Since 2013, Moustapha Fall has held the AIMS Chair in M’bour, Senegal. His work is located at the intersection of analysis and geometry. His overarching goal is always to convince people of all educational backgrounds in Africa, whether graduates or illiterates, of the optimization potential of mathematics by using examples of practical applications. He thus tried to solve the problem of M’bour’s fishermen. He asked himself why they sometimes caught a lot of fish and sometimes hardly any.  In cooperation with Professor Agostino Merico from the Leibniz Centre for Tropical Marine Research in Bremen, he studied cooperation behaviour among fishermen in M’bour. The team developed a mathematical model to predict the behavioural conditions under which fishing becomes a sustainable practice or leads to a human-resource collapse. There is now an App with which other scientists, including behavioural economists, can study fishermen behaviour and fish stocks dynamics under different experimental conditions.

Olivier Menoukeu Pamen – German Research Chair at AIMS Ghana

Olivier Menoukeu Pamen

Olivier Menoukeu Pamen

“The opportunity to give something back to my continent is invaluable.”

“The opportunity to give something back to my continent is invaluable,” said Olivier Menoukeu Pamen when he assumed the AIMS Research Chair in Mathematics and its Applications in Ghana in October 2016. The extent to which Pamen’s expertise in his special fields of probability calculation and statistics can benefit the continent is illustrated by one of the mathematician’s current projects: Just as in many African countries, microcredits are also very popular in Ghana. Pamen’s research has shown, however, that lenders often lack experience in realistically calculating refinancing costs, default probability and external influencing factors. As a result, the credits and the estimated interest are often granted on the basis of false assumptions. In order to help lenders put their calculations on a reliable footing, since 2019, Pamen has been working together with an institute in Ghana that grants microcredits.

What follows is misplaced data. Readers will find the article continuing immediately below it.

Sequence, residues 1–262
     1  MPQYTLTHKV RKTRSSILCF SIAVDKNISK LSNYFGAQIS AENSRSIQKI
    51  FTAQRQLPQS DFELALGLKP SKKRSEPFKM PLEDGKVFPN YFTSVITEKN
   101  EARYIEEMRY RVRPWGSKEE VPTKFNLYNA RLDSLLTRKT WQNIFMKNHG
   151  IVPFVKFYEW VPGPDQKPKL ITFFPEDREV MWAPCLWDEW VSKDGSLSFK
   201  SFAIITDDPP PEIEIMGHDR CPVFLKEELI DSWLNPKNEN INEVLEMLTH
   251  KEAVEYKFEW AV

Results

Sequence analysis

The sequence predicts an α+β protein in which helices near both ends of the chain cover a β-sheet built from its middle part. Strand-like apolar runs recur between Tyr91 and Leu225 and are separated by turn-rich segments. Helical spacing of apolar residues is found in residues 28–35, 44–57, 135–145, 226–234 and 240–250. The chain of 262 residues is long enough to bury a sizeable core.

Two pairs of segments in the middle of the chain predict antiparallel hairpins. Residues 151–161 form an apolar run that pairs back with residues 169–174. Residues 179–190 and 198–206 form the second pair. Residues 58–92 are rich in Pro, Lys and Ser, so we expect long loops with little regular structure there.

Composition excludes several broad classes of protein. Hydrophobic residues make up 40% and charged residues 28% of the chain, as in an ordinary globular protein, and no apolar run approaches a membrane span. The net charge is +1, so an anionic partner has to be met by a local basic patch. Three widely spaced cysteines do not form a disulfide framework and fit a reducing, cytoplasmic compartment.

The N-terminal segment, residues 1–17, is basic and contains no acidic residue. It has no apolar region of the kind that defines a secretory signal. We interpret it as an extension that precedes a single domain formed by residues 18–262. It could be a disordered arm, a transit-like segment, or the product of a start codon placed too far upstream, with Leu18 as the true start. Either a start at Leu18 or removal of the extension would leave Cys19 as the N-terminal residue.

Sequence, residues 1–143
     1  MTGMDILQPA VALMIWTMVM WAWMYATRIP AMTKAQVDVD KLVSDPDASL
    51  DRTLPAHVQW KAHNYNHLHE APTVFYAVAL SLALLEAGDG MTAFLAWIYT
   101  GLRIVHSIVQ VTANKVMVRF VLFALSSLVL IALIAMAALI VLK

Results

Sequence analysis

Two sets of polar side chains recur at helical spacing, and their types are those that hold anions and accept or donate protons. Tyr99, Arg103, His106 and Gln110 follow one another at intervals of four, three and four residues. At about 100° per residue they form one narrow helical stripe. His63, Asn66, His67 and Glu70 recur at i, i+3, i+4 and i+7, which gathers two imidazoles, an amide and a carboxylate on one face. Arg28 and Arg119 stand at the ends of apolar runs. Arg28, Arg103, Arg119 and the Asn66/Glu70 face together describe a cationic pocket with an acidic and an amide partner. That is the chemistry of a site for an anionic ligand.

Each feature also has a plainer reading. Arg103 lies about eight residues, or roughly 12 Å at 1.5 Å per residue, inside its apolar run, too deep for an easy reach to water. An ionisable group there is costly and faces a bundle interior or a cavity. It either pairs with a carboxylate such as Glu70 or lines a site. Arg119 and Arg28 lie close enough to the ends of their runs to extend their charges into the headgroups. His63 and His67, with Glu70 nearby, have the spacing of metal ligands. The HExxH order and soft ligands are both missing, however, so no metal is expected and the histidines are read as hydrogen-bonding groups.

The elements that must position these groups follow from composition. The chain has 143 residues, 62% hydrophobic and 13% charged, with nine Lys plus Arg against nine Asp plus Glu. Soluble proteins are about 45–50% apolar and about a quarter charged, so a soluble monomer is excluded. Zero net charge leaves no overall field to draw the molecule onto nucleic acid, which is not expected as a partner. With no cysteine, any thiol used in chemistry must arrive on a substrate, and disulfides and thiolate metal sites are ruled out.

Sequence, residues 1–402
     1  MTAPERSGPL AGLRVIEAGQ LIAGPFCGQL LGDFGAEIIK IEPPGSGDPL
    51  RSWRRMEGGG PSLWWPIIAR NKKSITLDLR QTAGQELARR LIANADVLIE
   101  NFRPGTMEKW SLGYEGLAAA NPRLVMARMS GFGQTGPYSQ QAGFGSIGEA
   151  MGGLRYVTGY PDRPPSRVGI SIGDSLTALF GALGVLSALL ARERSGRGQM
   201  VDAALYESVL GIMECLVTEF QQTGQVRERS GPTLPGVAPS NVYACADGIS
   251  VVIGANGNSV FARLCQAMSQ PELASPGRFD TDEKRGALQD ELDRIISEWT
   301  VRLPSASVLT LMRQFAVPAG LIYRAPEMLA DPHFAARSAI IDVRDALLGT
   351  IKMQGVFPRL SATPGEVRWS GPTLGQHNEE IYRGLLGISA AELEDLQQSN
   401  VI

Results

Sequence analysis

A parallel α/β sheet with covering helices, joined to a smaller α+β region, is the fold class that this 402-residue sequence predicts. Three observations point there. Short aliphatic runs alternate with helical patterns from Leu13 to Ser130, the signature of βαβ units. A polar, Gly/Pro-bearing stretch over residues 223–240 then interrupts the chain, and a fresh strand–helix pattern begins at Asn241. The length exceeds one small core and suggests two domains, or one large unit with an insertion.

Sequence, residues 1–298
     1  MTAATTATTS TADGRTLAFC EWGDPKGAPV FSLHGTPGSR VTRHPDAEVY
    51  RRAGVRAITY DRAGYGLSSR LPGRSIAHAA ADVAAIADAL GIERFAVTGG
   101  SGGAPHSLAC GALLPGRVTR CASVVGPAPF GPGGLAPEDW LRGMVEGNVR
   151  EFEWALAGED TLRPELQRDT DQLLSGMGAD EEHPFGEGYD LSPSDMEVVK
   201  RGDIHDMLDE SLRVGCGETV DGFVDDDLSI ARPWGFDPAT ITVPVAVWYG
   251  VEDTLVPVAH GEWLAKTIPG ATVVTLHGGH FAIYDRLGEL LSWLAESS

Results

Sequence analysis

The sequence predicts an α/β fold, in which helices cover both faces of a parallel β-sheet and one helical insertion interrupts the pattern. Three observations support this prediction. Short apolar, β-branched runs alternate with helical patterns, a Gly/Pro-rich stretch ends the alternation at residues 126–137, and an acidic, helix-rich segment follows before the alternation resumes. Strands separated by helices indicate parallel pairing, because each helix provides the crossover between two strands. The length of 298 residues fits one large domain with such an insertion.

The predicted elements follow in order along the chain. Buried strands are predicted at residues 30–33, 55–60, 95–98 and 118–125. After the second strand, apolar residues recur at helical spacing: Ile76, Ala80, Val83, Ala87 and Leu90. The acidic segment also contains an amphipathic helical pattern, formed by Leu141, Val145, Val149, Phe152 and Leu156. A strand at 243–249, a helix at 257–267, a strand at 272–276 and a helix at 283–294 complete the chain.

Pamen’s engagement with financial mathematics goes right back to his doctorate at the University of the Witwatersrand in South Africa. He subsequently spent several years in Europe. After a postdoctoral sojourn in Oslo, he held a permanent position in the Department of Financial and Actuarial Mathematics at the University of Liverpool, United Kingdom. At AIMS Ghana he wants to share his experience with the students and apply his knowledge to current and future challenges facing Africa.

Gisèle Mophou – German Research Chair at AIMS Cameroon

Gisèle Mophou

Gisèle Mophou

“Mathematics can help to solve some of the major problems of our times.”

“Mathematics can help to solve some of the major problems of our times,” says Gisèle Mophou, expressing her enthusiasm for her subject. She cites the example of her own working group at AIMS Cameroon where, from 2017 to the end of 2019, she holds the chair in Applied Mathematics with a Specialisation in Optimal Control: The researchers describe environmental pollution and health problems using mathematical tools from which they develop models that make the problems tangible and help to find ways of tackling them.

Mophou took a doctorate in numerical mathematics and assumed a professorship at the Université des Antilles et de la Guyane, Guadeloupe, in 2013. “I was looking for new challenges,” says the Cameroon-born researcher, explaining her motivation in accepting the chair at AIMS. “It was an opportunity to give something back to my own country.” She particularly promotes young, female researchers. “I have held lectures at universities and schools and told my own story, how, as a woman, I became a professor.” She wants to make people start thinking differently so that, in the future, more girls and women in Africa will be brave enough and also have the opportunity to enter academia.

Marc Sedjro – German Research Chair at AIMS South Africa

Marc Sedjro

Marc Sedjro

“I want my research to help refine existing methods and develop alternative approaches.”

Every year, tropical hurricanes claim lives and destroy entire regions. In Africa, the most recent example was Cyclone Idai which wrought devastation, especially in Mozambique, Zimbabwe and Malawi. If we want to reduce the impact of such storms in the future, better predictions about the exact path of the storm would be a way forward. “I want my research to help refine existing methods and develop alternative approaches,” says Marc Sedjro, describing one possible effect of his work. In 2019, the mathematician from Togo assumed the German Research Chair in Applied Mathematics with a Specialisation in Partial Differential Equations and Calculus of Variations at AIMS South Africa. He spent the previous two years in Tanzania as head of the AIMS Chair in Applied Mathematics.

In addition to fluid mechanics, Sedjro and his team conduct research into game theory. They investigate the mathematics behind large moving groups such as shoals of fish. In this field Sedjro also cooperates with the Information Theory Group at TU Berlin, Germany. He is well acquainted with the German research landscape having spent three years working on research at RWTH Aachen University after completing his doctorate at Georgia Institute of Technology in the United States.

Dealing with mathematics, Sedjro believes, has advantages that go beyond the subject itself: “Mathematics encourages logical thinking in general. We address issues without letting ourselves be influenced by emotions and opinions.” A skill that can prove very useful in many areas of life.